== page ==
A: it provides a marginal increase in sneak attack damage at the even levels, although at the cost of a moderate decrease at the odd levels below level 7, after which the odd levels slowly gain ground over the norm.
B: it provides some damage when Sneak Attack isn't available, making Ranged Rogues more viable and screwing the rogue less when he can't pull off a feint/lacks a flanking partner.
B: this damage is multiplied on critical hits, and lets face it, which class do the new guys expect to do well on critical hits? The rogues of course!
Lvl | P.F. | KR
001 |' 03.5 | 02
(The apostrophe's are just there to make the table fit as close as possible)
Adds to it.
should the GM, fased with unreasonably focused characters simply bend the story to mitigate those insane skills or should the players basically get to cake walk where ever their special skills are concerned as a reward for focus?
I am considering a home rule that limits ultra high skills without taking away all incentive to level up a skill.
please don't do that.
something relativly simple like at some point skills increase at a rate of 2 for 1 and later 3 for one...
I'm begging you, please don't do that.
or maybe some kind of RP penalty for excessiov skills (some one with a super high perception gets a penalty to sudden light or sonic attacks as an example.
I could kind of see this one, but not with the limited benefit skills currently provide. MAYBE a -1 penalty per +20 to checks?
Kyrt's theoretical skill benefits wrote:
Late on this one too, but I wanted to highlight it.
'Summoning a Celestial' could be as simple as doing a non-spell ritual to call a 'higher power' for advice. Call in one of the 1 HD celestials (like the ones used as familiars) and siphon it's power, injecting yourself with Celestial Juice and obtaining the Celestial Bloodline.
All totally doable at level 1, if the GM agrees to it, which the hypothetical GM did, and which I would.
1. Not moot, Divine Spells don't suffer ASF in armor, while Arcane Spells (including Bard spells in armor heavier than Light) do.
2. Makes sense, although I would have suggested allowing the player to choose at the time he takes the Theurgy feat.
It's even in myth. Take a look at the Book of Daniel in the Bible. Nebadchanezer II spent 7 years living that way.
Normal Feint action: a character may feint as written in the CRB, except it occurs as a swift action
Lasting Feint: (replaces Greater Feint)
I know I'm pretty late with this reply, but this thread's resurgence finally caught my eye today.
Speaking personally, yes I'm trying to tell a collective story, but that's the point right there. Collective.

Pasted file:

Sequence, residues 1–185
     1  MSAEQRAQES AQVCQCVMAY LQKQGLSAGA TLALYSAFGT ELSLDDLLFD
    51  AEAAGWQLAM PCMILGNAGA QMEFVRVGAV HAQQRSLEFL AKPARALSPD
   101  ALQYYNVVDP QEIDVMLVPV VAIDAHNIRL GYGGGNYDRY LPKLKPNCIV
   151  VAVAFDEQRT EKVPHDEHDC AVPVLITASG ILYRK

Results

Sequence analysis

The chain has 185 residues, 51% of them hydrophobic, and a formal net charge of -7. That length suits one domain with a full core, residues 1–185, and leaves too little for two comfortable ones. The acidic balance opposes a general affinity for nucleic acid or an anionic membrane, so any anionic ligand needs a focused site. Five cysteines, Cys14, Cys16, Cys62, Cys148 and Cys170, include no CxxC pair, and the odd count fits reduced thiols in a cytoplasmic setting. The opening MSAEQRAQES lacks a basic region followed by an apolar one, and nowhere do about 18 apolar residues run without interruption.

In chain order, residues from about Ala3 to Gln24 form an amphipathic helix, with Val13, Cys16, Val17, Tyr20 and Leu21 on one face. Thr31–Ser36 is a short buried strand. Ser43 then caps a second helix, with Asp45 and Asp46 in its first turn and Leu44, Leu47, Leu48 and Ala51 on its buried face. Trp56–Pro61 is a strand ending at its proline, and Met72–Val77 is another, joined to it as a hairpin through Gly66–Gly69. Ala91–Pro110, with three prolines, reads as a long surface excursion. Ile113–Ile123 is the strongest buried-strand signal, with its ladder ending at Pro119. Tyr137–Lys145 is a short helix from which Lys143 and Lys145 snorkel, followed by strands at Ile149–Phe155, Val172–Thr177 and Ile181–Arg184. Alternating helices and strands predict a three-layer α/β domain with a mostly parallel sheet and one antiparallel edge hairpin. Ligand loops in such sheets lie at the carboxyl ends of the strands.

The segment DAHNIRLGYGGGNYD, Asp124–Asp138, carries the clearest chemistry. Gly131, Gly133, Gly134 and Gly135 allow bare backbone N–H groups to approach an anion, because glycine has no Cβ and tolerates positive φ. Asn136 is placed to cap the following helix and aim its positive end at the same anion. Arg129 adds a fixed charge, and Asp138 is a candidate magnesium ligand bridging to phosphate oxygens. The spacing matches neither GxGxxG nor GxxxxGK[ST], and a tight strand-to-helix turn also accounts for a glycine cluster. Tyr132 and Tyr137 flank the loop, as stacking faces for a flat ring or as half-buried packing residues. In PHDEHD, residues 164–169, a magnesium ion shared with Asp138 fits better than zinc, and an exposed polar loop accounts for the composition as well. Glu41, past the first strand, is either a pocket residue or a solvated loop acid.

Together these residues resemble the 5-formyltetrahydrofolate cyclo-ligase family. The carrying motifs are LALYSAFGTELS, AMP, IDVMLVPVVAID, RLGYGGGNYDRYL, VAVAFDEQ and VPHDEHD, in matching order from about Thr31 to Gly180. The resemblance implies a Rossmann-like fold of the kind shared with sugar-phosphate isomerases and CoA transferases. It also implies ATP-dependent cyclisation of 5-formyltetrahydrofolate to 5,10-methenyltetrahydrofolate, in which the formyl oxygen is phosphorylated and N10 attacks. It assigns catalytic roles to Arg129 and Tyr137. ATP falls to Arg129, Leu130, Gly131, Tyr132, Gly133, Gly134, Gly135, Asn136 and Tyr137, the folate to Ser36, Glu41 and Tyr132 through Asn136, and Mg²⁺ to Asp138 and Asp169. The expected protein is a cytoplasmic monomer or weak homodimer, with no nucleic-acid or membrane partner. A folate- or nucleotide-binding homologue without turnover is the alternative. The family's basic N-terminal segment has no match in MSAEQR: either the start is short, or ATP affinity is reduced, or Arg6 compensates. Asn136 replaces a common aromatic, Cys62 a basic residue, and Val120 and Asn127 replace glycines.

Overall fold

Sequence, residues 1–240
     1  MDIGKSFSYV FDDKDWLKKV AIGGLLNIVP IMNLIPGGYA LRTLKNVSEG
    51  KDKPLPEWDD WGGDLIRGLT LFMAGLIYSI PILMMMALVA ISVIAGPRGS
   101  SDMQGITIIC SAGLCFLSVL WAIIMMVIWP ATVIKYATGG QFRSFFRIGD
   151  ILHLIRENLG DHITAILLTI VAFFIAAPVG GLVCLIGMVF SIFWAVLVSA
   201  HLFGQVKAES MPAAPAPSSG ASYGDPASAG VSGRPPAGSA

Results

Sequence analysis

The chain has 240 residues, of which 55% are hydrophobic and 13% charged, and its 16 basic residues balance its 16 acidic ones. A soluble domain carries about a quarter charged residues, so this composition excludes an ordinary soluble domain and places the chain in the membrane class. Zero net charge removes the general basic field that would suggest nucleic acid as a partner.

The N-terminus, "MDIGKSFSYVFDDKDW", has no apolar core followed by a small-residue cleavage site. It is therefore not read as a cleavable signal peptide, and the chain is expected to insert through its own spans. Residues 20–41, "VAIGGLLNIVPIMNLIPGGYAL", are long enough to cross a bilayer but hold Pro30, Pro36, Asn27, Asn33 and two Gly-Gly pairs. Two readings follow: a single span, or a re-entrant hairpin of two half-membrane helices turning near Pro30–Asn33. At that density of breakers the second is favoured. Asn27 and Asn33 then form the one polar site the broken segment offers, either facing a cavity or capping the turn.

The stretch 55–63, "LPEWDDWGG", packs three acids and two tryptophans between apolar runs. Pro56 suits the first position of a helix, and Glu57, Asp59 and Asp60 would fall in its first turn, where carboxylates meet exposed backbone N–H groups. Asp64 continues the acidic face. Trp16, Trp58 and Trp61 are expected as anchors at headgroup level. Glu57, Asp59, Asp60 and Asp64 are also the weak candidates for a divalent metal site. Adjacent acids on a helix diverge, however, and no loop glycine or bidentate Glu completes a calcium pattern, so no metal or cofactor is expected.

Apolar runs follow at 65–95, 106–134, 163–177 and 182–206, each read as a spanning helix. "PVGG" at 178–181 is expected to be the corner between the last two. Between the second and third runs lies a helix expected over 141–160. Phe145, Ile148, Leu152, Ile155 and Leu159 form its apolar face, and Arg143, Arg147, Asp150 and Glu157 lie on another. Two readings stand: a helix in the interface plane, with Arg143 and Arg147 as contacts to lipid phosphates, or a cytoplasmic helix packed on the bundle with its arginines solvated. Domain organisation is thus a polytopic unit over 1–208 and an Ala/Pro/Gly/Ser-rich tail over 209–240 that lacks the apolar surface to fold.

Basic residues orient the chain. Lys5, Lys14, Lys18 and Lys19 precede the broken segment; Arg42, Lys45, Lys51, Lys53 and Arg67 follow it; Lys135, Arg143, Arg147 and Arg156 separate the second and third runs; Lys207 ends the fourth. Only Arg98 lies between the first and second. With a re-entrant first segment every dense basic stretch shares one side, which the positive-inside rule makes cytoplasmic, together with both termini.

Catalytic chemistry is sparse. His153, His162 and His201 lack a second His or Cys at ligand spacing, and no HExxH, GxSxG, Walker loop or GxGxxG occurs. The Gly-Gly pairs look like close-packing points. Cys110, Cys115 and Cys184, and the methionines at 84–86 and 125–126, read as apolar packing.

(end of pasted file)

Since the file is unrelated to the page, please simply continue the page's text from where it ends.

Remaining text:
The DM's job is to play author the rest of the world, it's my job to author my character. Don't take away my authorship or I'm no longer a player, I'm just a puppet on the DM's string.
Lets say I am a multiclassed level 20 character with 1 level in Wizard, have max ranks in disable device and a cat familiar with a 6 intelligence.
That cat has a +22 bonus to disable device, and can out-disable device the best level 1 rogue in the world, even if that level 1 rogue is an elf with a 20 intelligence and dexterity and 300 years of lockpicking experience. He'll be pulling a Meowth or Scooby Doo, sticking a claw into a lock, and picking it like a mid-level pro.
Orfamay Quest wrote:
If you have +10 to Disable Device, but have never opened this specific type of lock before, you apply your Disable Device skill to the lock in the same way you did every other lock.
It's not about Intelligence, it's about Disable Device.
It's wrong to objectify someone and try to take away their agency like that. S/he has been told the ramifications of the situation and it is their responsibility to choose how to deal with it.
At this point the best that can be done is give advice according to the original poster's desires.
That being said, my suggestion is put the 2 into constitution and bring a good book or a handheld videogame. Go full-burn leeroy jenkins and do all the crazy s&+~ you can think off.
If by some miracle you survive, awesome. If not, who cares. If you keep dying and making new PC's with a 2 in constitution, eventually the party will pressure the DM to either make encounters easier (because they essentially have one fewer PC) or let you have better stats.
Frankly it seems the two sides are mostly talking past eachother at this point.
Speaking of my personal preferences, I prefer to separate the conflict resolution mechanics from the roleplay as much as possible. If I want to play a stupid character then I will, 16 int be damned. If I want to play a smart character, then I will, 7 int be damned. Yes such concepts are burdened by the conflict resolution mechanic at points, but part of the fun of it is dealing with those problems in some way that remains consistent to the character in question.
Remove Improved Feint from Greater Feint's requirements (possibly change Greater Feint's name to remove the implication of progression.) That way if someone wants to go the Swift Action for a single Feint attempt (and help their party in the process) they can, but they don't have to pay the feat tax of Improved Feint to get it.
Some of those people have an issue with the concept of full BAB because they have it ingrained in their head that an everyday thief is going to be a Rogue rather than an Expert.
For an example of a Fictional Rogue, look at Aladdin. Yeah he ran away from the group of town guards (for multiple reasons, killing guards would only make them more intent on finding and capturing him, and a group would have been sure to overwhelm him) but when we see him actually engage in combat, it's pretty clear he's at about on par with the lead guard during their first encounter.
EDIT: I will restate my earlier point though, regarding the combat feats (so it doesn't get lost in the shuffle.) I'm of the opinion Rogue Talents should be raised to the level of Rage Powers, rather than introduce a mechanic to bypass them for as many combat feats as the Rogue's Player wants.
Damn and here I thought I actually read the OP entirely. I'm just going to go hang my head in shame now :P
Honestly... unlimited Combat Trick doesn't feel like the way to go. Rogue Talents should be raised up to more on the level of Rage Powers, rather than encourage Rogues to bypass Rogue Talents entirely.